The FDA Food and Drug Administration started with labeling on foods to help people with food allergies be aware what is in the product. To help Americans avoid the health risks posed by food allergens, Congress passed the Food Allergen Labeling and consumer Protection Act of 2004. The law applies to all foods whose labeling… Continue reading Food and Drug Administration on Food Allergies.
Physical reactions to certain foods are common, but most are caused by a food intolerance rather than a food allergy. A food intolerance can cause some of the same signs and symptoms as a food allergy, so people often confuse the two. A true food allergy causes an immune system reaction that affects numerous organs… Continue reading Food Allergy VS. Food Intolerance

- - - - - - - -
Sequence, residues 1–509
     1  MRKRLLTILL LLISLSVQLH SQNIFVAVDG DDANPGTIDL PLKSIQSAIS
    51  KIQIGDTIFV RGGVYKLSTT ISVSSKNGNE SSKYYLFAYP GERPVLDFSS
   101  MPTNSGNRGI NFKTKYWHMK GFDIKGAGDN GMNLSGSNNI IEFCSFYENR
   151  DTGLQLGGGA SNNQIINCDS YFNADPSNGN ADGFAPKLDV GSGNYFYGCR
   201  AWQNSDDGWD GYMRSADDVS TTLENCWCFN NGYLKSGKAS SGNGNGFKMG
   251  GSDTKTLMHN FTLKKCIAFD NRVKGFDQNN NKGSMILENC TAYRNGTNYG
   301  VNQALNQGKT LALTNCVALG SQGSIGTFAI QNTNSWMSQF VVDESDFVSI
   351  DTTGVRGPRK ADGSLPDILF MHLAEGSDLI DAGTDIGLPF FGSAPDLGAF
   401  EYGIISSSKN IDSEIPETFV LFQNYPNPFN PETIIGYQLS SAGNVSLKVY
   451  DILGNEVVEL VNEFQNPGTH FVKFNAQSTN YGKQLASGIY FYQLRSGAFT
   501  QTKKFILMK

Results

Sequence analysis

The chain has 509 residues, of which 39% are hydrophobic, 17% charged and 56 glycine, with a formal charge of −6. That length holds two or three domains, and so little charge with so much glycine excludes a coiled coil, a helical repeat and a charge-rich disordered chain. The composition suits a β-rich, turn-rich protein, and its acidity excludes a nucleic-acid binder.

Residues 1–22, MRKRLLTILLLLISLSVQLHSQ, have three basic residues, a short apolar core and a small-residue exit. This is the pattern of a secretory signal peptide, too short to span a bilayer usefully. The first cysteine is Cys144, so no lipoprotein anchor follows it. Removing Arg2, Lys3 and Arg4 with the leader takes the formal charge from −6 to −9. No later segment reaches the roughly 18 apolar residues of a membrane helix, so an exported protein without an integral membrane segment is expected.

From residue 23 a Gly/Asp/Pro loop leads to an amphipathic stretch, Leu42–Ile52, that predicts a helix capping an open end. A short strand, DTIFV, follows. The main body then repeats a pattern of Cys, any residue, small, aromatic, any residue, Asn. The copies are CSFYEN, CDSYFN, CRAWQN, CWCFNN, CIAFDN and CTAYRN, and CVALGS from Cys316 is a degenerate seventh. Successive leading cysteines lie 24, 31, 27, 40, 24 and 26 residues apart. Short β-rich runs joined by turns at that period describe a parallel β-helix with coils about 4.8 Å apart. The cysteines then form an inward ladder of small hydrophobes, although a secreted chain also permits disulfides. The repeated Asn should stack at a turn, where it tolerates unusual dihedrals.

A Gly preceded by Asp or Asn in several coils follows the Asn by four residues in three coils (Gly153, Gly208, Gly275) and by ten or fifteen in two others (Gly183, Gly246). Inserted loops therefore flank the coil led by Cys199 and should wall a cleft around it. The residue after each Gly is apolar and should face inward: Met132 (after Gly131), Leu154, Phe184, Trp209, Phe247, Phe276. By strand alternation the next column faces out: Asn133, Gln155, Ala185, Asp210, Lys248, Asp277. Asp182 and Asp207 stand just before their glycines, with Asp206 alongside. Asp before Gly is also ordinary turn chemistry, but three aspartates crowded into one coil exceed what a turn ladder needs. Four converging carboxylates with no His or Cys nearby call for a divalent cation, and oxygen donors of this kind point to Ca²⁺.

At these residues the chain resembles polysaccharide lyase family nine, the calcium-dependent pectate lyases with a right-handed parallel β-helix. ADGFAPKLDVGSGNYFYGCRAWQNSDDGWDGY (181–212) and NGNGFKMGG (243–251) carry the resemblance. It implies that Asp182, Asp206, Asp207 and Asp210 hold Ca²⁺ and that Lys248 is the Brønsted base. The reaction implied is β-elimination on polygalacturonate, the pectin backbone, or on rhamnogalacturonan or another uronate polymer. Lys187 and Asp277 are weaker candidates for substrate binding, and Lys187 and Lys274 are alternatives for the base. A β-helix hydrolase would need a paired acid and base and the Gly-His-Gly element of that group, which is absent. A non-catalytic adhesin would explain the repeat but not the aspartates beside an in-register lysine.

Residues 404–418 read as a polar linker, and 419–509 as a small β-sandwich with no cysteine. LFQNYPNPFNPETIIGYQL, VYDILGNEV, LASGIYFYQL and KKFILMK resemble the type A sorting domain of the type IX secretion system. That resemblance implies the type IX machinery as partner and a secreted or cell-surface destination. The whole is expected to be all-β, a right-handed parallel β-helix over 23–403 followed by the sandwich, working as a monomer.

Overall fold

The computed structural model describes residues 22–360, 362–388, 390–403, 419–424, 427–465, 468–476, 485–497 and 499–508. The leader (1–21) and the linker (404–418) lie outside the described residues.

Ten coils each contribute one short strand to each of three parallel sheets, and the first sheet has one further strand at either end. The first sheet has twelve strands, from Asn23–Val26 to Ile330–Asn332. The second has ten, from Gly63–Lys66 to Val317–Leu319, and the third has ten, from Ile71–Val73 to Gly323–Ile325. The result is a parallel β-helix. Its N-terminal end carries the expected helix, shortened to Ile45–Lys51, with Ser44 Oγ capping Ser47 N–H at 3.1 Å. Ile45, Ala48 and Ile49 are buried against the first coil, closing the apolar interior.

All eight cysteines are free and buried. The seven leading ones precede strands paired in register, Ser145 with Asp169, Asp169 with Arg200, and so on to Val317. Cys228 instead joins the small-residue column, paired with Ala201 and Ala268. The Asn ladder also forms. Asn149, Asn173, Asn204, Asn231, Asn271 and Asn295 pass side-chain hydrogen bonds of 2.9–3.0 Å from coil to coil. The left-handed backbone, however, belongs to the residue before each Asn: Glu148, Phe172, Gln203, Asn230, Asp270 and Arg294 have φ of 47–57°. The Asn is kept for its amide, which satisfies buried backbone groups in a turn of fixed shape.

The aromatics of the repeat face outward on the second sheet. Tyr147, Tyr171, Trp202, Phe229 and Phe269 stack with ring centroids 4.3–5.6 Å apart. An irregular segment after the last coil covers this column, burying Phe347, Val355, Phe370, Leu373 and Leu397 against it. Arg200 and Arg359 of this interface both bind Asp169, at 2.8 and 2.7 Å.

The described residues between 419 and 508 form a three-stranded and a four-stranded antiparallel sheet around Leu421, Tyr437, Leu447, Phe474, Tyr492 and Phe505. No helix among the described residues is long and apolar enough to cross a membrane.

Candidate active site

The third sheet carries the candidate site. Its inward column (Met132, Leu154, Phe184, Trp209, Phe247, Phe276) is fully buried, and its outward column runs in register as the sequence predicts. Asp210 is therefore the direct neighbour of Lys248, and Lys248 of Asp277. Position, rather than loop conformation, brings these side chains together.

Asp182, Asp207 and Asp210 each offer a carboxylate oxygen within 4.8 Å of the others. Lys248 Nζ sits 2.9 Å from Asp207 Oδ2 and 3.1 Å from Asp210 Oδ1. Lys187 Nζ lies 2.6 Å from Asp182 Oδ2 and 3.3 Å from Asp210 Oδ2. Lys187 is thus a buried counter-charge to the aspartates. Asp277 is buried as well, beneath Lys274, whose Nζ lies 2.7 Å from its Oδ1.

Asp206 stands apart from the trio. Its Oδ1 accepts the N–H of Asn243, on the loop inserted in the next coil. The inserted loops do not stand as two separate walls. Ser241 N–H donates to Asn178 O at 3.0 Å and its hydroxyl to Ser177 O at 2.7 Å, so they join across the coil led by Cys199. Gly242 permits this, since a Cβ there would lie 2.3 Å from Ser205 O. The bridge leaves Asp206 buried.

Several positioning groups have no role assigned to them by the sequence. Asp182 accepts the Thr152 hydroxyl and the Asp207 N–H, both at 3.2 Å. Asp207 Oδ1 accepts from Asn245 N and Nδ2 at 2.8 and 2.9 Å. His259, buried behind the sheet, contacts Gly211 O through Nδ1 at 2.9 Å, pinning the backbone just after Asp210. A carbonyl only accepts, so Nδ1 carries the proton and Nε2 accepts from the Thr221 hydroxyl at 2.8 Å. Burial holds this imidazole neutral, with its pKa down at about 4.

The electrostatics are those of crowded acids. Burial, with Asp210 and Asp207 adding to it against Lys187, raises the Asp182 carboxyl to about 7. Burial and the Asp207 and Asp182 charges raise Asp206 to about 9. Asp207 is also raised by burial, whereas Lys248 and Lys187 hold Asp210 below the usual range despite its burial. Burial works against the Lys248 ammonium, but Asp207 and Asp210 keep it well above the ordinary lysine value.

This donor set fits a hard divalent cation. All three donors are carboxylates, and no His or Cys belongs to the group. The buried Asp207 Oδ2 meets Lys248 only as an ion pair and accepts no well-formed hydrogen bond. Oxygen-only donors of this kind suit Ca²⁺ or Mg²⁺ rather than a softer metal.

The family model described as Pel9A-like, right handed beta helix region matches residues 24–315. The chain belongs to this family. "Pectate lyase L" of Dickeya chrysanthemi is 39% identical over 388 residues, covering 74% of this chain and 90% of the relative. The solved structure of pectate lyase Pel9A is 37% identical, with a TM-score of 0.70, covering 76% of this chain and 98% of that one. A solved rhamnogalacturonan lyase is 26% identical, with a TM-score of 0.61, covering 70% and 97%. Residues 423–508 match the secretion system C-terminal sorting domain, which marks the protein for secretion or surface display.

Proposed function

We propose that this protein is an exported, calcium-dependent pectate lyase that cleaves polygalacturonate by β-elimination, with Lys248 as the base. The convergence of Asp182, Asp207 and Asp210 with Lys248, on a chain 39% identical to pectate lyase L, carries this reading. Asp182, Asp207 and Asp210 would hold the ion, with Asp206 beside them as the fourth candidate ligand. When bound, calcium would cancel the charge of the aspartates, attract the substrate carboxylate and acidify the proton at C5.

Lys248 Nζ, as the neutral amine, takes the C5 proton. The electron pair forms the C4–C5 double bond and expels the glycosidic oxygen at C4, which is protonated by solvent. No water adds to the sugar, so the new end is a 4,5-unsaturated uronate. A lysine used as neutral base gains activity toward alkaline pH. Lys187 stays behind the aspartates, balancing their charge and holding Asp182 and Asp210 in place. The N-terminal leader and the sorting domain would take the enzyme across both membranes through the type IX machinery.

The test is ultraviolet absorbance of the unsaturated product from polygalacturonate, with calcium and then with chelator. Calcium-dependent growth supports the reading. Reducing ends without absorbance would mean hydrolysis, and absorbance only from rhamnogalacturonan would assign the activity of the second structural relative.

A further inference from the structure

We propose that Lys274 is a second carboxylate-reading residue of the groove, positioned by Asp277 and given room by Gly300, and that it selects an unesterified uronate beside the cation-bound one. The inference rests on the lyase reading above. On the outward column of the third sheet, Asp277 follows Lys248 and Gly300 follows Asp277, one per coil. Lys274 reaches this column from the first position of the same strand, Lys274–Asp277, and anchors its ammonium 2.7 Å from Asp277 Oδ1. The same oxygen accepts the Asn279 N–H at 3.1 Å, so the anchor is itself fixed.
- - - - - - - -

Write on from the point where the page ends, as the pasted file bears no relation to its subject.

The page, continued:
A life-threatening allergic reaction (anaphylaxis) is a severe reaction to a specific allergen, or allergic trigger. Common triggers can include but are not limited to food, biting or stinging insects, medications and latex. Exercise induced anaphyaxis is also possible, and sometimes anaphylaxis has no apparent cause at all (this is known as idiopathic anaphylaxis). Anaphylaxis… Continue reading Anaphylaxis and Food Allergies
Suspected food allergies should always be evaluated, diagnosed, and treated by a qualified medical professional, such as a board certified allergist. Your primary care provider may refer you to an allergist. Do not diagnose a food allergy on your own. Self-diagnosis can lead to unnecessary dietary restrictions and inadequate nutrition, especially in children. Additionally, some… Continue reading Diagnosing and Testing for Food Allergies